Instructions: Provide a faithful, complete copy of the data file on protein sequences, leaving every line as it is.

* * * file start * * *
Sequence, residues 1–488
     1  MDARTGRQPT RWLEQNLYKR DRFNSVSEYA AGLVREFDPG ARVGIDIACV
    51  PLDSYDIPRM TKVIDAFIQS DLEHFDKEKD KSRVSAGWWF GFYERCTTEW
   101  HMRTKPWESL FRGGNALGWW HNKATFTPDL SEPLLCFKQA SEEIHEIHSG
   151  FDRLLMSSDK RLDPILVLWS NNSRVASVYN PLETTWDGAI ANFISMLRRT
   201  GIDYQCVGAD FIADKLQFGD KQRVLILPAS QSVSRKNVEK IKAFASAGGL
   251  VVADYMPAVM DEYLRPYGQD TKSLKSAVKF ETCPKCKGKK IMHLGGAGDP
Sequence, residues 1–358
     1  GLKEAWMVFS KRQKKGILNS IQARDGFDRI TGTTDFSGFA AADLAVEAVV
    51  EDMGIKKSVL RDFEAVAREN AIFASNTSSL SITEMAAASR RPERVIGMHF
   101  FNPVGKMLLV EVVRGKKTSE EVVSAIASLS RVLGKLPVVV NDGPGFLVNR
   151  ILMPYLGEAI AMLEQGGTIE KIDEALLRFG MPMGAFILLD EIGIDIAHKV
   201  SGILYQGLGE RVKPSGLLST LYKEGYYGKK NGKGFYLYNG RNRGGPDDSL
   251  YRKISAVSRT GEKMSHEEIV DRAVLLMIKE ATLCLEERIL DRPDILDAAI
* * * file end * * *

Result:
Sequence, residues 1–488
     1  MDARTGRQPT RWLEQNLYKR DRFNSVSEYA AGLVREFDPG ARVGIDIACV
    51  PLDSYDIPRM TKVIDAFIQS DLEHFDKEKD KSRVSAGWWF GFYERCTTEW
   101  HMRTKPWESL FRGGNALGWW HNKATFTPDL SEPLLCFKQA SEEIHEIHSG
   151  FDRLLMSSDK RLDPILVLWS NNSRVASVYN PLETTWDGAI ANFISMLRRT
   201  GIDYQCVGAD FIADKLQFGD KQRVLILPAS QSVSRKNVEK IKAFASAGGL
   251  VVADYMPAVM DEYLRPYGQD TKSLKSAVKF ETCPKCKGKK IMHLGGAGDP
Sequence, residues 1–358
     1  GLKEAWMVFS KRQKKGILNS IQARDGFDRI TGTTDFSGFA AADLAVEAVV
    51  EDMGIKKSVL RDFEAVAREN AIFASNTSSL SITEMAAASR RPERVIGMHF
   101  FNPVGKMLLV EVVRGKKTSE EVVSAIASLS RVLGKLPVVV NDGPGFLVNR
   151  ILMPYLGEAI AMLEQGGTIE KIDEALLRFG MPMGAFILLD EIGIDIAHKV
   201  SGILYQGLGE RVKPSGLLST LYKEGYYGKK NGKGFYLYNG RNRGGPDDSL
   251  YRKISAVSRT GEKMSHEEIV DRAVLLMIKE ATLCLEERIL DRPDILDAAI